Afterpulse | Review | Nintendo Switch

  • Developer: Blitworks
  • Publisher: Digital Legends Entertainment
  • Release date: 30/3/2021
  • Price: £17.99/$19.99
  • Review code provided by Digital Legends Entertainment

It needs to be said upfront, Afterpulse is a mobile third-person shooter which has been ported to the Switch. There have been a fair few games that have been ported over to Switch from mobiles and vice versa, but what we have here seems to be very much dragged and dropped, with all the negative connotations that come with that. How bad can it be, I hear you ask? Read our Afterpulse review to find out!

Check for pulse

Afterpulse review

Afterpulse isn’t a particularly story-heavy game, in fact, you would need to go out of your way to actually find out any of the backstory, but it is there to provide some context. The titular Afterpulse refers to an electromagnetic pulse which has wiped out most electronics across the Earth. The world’s nations deploy squads of soldiers in an attempt to gain supremacy and take over territory in the post-apocalypse. In practise this sets the scene for some team deathmatch shenanigans, sounds like fun eh? Unfortunately not!

I’m here! Do it now! Kill me!

Afterpulse review

At its core, Afterpulse is an online team-based third-person shooter. Now that probably makes you think of other shooters where you do things like aim your weapon and get shot. Unfortunately, neither of those things feature very heavily here. To say the gameplay is basic is putting it mildly. 

Your mobility options are severely limited, presumably a hangover from the game’s conception as a mobile game. There’s no sprinting, crouching, jumping, or anything like that here. This naturally limits your options in combat and oversimplifies the gameplay.

When you get into combat, you only need to aim in the rough direction of your opponents whereby the game engages the most ridiculous auto-aim ever enacted. I’m not exaggerating when I say that it’s almost impossible to miss a shot provided the enemy is visible. Some weapons have built-in scopes, which can be utilised using the ZL, but the aiming is so generous without this that scopes only serve to narrow your field of view.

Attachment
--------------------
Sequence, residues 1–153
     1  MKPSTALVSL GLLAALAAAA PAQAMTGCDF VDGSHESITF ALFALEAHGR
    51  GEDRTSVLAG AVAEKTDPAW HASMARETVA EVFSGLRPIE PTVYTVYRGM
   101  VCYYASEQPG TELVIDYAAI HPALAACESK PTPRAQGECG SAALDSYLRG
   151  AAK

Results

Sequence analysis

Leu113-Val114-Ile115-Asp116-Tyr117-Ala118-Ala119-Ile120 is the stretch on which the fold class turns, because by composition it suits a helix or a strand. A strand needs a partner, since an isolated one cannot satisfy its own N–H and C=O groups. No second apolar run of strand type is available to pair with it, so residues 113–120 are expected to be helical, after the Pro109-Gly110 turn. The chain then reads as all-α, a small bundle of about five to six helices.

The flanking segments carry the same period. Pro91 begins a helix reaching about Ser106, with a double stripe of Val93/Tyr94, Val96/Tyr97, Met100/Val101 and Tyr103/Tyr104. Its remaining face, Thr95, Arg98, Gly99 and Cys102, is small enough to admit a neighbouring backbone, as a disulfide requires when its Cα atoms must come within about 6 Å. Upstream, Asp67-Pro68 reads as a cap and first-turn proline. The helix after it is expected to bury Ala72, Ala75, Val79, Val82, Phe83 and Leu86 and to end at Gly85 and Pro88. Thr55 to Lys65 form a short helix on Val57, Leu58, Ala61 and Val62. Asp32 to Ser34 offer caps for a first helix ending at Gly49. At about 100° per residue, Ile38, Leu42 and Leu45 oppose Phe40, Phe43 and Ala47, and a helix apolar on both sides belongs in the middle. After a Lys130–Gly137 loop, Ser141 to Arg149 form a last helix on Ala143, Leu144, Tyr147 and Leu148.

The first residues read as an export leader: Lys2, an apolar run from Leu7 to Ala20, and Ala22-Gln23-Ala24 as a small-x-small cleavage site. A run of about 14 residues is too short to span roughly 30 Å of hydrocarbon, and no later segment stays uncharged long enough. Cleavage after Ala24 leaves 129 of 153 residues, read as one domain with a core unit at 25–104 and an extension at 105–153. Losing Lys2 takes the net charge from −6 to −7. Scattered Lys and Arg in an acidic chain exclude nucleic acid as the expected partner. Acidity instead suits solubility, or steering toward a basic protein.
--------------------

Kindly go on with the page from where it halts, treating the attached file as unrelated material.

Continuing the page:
Combat basically boils down to you running around like a headless chicken whilst mowing down hordes of enemies, even when online. I regularly found myself finishing a match with around 30 kills and one death (sometimes none). I’m not sure whether this is a result of a low player base and lots of bots or whether playing on console provides a ridiculous advantage over a pool of players on mobile. Either way, it leads to an experience that is just dull.

Free-to-play, for only £17.99

Afterpulse review

Afterpulse on mobile is free-to-play. On Nintendo Switch, the game costs £17.99. The price of entry seems to include some additional unlocks and progression but given that I was able to finish every game with around a 30:1 K/D ratio, there isn’t much incentive to work to unlock additional gear.

There is a hefty amount of content to unlock, including a range of different weapons and cosmetics, but given how shallow the gameplay is, there is very little to differentiate between the handling of weapons.

Despite the price tag, the in-game economy is very much weighted like a free-to-play game, with various in-game currencies which can be earned or bought on the e-shop and of course loot boxes. The whole thing feels especially unsavoury when you’ve already paid a premium to get access to something freely available elsewhere.